The La Zona 10 Year Anniversary gets underway with a bit more of the cake donut that I picked up on the cold draw but now with some black pepper and a more prominent contribution by the dry woods. It’s a combination that sounds vibrant but is fairly medium in intensity, at least until the finish delivers an accent of more vibrant black pepper. There is a very enjoyable creaminess that emerges after about half an inch, which is when the first clump of ash starts leaning and looking like it’s going to fall off. The creaminess gives the cigar a fuller body on the taste buds and creates a base flavor that coats my tongue quite impressively yet doesn’t mute the firewood and black pepper that give the cigar its punchier side. If anything, there are points where the cigar tastes like a latte with a peppery accent, and in the first 20 minutes or so I’m quite impressed with the profile. Retrohales have been fantastic thus far as they are a lighter version of the flavor, with white pepper in place of the black pepper as the accent. The intensity of the flavors begins to intensify as the first third progresses, a change that provides more stimulation for the senses but comes at the expense of the creaminess, which begins to fade and turns over its share of the profile to a bit more pepper. Whether it’s due to a bit of inattention from me or something internal, the cigar struggles just a bit with combustion in the first third of the first cigar, a lesson I learn to prevent it from happening in the other cigars. Otherwise, construction is very good, with plenty of smoke, an even burn line and a draw that is, if anything, a touch firm. Flavor is medium-plus with touches of medium-full, body is medium-plus, and strength is trying to push its way out of mild territory.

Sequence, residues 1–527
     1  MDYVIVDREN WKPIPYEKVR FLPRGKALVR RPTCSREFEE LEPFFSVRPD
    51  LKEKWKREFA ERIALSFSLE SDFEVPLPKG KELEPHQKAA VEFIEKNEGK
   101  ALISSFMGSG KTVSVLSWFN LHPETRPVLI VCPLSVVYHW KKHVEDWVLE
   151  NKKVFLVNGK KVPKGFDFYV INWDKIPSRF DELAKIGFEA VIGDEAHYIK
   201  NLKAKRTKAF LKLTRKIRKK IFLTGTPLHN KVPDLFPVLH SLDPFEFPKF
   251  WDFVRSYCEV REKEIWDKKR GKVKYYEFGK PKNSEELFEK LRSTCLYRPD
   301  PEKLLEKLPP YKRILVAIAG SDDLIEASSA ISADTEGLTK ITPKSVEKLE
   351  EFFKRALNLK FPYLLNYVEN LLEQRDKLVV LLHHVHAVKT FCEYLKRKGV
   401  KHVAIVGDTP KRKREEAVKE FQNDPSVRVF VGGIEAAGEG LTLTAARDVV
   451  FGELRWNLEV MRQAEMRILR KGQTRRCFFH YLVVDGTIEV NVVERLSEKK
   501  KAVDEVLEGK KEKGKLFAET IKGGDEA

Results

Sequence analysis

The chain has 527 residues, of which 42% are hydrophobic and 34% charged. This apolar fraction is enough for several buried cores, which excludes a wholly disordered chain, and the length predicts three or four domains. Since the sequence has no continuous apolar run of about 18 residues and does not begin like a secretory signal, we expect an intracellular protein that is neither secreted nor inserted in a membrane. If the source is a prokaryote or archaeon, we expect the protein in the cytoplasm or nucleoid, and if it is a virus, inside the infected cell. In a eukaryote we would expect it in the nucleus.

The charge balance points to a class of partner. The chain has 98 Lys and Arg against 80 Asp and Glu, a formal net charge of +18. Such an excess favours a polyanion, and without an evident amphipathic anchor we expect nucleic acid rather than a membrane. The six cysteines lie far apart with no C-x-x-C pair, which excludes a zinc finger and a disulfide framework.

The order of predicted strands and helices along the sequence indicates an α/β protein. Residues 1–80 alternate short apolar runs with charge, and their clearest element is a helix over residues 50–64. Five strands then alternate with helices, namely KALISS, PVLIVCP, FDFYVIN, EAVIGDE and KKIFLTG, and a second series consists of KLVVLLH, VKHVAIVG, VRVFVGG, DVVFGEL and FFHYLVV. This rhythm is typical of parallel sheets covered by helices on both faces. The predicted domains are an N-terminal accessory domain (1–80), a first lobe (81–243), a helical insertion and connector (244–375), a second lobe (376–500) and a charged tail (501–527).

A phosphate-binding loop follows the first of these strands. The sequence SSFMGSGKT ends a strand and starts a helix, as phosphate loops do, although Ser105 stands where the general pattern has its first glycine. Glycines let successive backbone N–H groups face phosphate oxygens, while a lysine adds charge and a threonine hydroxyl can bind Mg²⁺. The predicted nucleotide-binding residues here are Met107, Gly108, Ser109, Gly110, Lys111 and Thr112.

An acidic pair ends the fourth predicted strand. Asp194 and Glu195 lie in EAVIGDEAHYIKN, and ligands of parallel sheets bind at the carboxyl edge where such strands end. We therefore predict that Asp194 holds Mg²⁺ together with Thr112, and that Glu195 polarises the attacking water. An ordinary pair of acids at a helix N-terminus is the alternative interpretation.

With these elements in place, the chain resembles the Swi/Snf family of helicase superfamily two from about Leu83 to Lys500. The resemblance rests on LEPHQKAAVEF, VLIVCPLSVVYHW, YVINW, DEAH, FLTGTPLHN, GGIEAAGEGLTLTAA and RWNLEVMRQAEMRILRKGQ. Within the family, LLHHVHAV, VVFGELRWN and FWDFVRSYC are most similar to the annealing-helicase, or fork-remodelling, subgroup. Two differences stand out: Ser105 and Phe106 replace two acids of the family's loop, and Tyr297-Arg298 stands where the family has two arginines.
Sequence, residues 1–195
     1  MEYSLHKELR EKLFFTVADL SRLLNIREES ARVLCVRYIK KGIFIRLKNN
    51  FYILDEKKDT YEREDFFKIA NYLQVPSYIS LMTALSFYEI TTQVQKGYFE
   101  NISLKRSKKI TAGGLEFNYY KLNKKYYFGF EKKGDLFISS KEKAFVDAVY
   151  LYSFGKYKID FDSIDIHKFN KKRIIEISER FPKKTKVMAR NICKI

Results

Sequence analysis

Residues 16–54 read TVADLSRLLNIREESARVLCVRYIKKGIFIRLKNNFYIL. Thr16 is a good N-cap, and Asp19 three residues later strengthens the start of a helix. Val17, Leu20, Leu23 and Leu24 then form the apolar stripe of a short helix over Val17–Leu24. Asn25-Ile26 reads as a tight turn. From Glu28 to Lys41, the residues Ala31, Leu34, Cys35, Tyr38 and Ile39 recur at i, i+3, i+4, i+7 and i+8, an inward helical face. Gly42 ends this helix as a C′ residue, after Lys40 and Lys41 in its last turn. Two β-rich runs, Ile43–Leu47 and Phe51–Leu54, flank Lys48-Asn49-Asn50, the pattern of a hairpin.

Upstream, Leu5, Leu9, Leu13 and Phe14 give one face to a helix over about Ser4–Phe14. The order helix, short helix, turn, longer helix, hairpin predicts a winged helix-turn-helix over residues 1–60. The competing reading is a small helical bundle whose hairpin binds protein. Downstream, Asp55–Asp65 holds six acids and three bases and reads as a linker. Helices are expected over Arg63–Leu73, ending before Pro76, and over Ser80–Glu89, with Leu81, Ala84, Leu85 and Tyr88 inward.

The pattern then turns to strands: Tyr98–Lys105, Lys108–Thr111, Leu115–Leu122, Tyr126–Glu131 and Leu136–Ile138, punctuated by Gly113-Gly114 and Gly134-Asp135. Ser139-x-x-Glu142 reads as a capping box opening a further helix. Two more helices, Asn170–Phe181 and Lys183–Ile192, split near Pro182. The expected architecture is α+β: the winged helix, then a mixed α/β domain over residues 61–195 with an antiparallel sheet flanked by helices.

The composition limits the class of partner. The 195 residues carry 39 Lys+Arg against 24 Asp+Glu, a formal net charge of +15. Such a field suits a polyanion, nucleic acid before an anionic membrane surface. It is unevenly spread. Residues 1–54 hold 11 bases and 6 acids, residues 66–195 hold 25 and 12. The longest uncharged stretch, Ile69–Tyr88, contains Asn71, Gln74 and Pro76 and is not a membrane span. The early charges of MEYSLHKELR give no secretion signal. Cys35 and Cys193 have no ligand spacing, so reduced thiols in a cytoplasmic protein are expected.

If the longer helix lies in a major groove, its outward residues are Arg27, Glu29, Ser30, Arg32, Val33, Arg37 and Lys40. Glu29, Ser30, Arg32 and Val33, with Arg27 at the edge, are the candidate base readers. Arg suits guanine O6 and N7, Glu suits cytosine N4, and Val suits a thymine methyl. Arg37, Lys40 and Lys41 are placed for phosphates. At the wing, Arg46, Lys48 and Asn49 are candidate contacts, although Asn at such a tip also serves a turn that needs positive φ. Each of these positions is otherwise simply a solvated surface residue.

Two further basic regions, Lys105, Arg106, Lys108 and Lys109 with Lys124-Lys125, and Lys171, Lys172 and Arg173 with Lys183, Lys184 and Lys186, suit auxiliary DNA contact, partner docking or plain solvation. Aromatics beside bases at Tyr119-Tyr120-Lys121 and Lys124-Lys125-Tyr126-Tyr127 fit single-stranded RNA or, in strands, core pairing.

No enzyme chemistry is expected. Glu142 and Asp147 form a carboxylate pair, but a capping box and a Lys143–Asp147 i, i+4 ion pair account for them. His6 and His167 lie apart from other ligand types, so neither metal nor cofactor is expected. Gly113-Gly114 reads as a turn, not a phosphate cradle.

If the first third of the La Zona 10 Year Anniversary was about establishing the flavor profile, the second third takes all those components and puts them in a blender, intertwining them much more tightly than how they were presented earlier. The creaminess is back—for the better—and the intensity ticks up just a bit thanks to a lingering finish of dry firewood and black pepper. Retrohales have also upped their intensity, and not long into this section, the cigar starts flirting with full flavor intensity. Ahead of the midway point, the cigar starts flirting with some slightly sharper flavors, or at least with sharpening up the flavors it has been offering thus far. The change also marks a separating of the flavors, as the components are much easier to pick out than they were at the start of this section, which seems to help nudge the intensity up a tick or two. This is also quite noticeable in the retrohale, as passing smoke through my nose around the midway point results in a rather pronounced and lingering finish of tingling pepper, but a finish that isn’t overpowering or out of balance with the overall profile. The cigar doesn’t change much in the rest of this section but stays quite enjoyable with some impressive layering of flavors and a vibrant, balanced profile both on the palate and through the nose. Construction remains fantastic, though I am still mindful to keep puffing at a rate I’d consider a bit quicker than normal. I’m also mindful of the ash, which has shown some propensity to fall off unexpectedly. Flavor is medium-full if not outright full, body is medium-full and strength has crept up into medium territory.